maybole To Whithorn Direct

Source South West

A church or sacred site

Destination hub

Old Luce Parish Church, Glenluce

This is a T-plan building, constructed in 1814. It was substantially altered in 1967.

This site is featured in Scotland’s Churches Trust guide book South-west Scotland, reference number 117.

You can see more details on the SCT website.

Glenluce Abbey

Glenapp Parish Church

Ballantrae Parish Church

Kennedy Burial Aisle, Ballantrae

Girvan South Parish Church

Girvan North Parish Church

The Roman Catholic Church of the Sacred Hearts of Jesus and Mary, Girvan

Girvan Methodist Church

Dailly Parish Church

Crossraguel Abbey

The former Maybole Parish Church

The Roman Catholic Church of Our Lady and St Cuthbert, Maybole

St Oswald’s Scottish Episcopal Church, Maybole

Maybole Parish Church (The Carrick Centre)

By Cycle

Rejoin NCN 7 which takes you all the way to Newton Stewart (after Glentrool village, as you reach the Water of Minnoch, turn right  instead of crossing Stroan bridge on the Gatehouse of Fleet route), entering through Minnigaff, past Monigaff church. Be warned – this section of the route is 35 miles, with Crosshill (3 miles out from Maybole) being the only source of sustenance.

Public transport information can be found on the Traveline website.

As the crow flies the direct way to Whithorn is from Girvan by Glentrool Forest to Newton Stewart, a wild and secluded route to this day. But there is more evidence of pilgrims keeping by the coast to experience the churches and the hospitable inns by the sea.

Stranraer is not only a departure point for Ireland but gateway to the Rhinns of Galloway. This peninsular has its own fragile aura, bathed in eastern light and replete with early Christian sites, carved stones and sanctuaries. A circuit, taking in the Mull, has the feel of an island, ringed by more than thirty churches and ancient chapels.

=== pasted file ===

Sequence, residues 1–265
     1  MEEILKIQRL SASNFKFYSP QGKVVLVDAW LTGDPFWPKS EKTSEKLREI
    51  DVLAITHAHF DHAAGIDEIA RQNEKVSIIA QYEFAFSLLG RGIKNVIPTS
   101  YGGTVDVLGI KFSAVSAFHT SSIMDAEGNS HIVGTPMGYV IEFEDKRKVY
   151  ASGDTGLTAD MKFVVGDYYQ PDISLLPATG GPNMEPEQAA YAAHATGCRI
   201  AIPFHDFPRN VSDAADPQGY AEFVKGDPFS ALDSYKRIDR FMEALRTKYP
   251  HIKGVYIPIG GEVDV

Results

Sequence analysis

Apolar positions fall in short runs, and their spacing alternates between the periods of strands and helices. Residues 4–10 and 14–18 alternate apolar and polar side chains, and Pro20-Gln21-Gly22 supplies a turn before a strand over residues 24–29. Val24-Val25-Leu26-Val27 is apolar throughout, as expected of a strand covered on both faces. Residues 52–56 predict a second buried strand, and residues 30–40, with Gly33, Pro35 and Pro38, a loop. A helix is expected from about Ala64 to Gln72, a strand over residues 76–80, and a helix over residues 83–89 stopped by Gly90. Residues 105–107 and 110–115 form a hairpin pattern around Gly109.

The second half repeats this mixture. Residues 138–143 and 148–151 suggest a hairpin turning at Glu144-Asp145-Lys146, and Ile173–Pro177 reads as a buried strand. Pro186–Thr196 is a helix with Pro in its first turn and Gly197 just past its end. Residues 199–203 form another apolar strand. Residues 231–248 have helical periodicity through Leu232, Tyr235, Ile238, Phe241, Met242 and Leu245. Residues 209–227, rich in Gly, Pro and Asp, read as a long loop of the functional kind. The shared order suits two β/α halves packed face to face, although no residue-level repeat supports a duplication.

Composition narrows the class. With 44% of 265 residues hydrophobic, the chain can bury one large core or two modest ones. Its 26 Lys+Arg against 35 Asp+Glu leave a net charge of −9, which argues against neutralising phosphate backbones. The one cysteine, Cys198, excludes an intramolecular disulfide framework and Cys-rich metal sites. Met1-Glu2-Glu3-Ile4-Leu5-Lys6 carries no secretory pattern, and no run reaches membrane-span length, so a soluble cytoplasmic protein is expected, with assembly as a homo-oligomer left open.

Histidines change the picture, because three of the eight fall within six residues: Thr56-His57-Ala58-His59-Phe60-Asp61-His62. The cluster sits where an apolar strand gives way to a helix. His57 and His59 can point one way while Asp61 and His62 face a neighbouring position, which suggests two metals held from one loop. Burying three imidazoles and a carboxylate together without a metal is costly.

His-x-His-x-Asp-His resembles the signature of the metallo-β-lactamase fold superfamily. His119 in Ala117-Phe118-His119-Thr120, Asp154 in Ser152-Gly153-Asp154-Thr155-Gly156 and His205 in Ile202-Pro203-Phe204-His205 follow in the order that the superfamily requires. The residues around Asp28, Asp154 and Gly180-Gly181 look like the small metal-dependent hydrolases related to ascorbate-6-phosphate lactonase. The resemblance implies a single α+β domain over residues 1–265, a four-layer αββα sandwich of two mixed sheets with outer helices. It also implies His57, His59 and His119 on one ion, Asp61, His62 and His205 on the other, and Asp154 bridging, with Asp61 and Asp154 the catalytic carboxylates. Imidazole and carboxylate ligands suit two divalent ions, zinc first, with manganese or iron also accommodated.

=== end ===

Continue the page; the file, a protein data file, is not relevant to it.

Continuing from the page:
In addition to the Whithorn influence the Rhinns are close to Ireland and a natural stopping place on the western seaways between Wales, the Isle of Man, Ireland and the Hebrides. Among many evocative sites are the carved stones at Kirkmadrine, the medieval Church of Kirkmaiden with the nearby cave and chapel of St Medana, Chapel Patrick at Portpatrick, St Mary’s at Kilmorie and St Columba’s Chapel at Kirkcolm. In addition to the present day churches, Soulseat Abbey on the neck of the peninsular is a reminder of the remarkable religious heritage of this small yet special area.

East of the Rhinns is Glenluce Abbey which is the gathering point for the approach to Whithorn. Walkers can still arrive here from the standing stones at Laggancairn with their pilgrim crosses, and the nearby chapel and Wells of the Rees at Kilgallioch. On gentler contours continue into the Machars by Chapel Finian (an arrival point for seaborne pilgrims) to Whithorn.

Is this detour a diversion
Or the purpose of our journey?
How many generations
Came before us? 
Is this Mull the end 
Or the beginning?
Have we arrived here
or only passing through?
No abiding home,
Yet suddenly held
In light on waves
Seeing eternity.

St Mary, St Patrick
St Bride, St Medan
St Cuthbert, St Donnan,
St Finian, St Columba,
St Catherine, St Ninian
St Molaise, St John,
Go with you.

We would love to hear about your experiences on this route - please post your comments below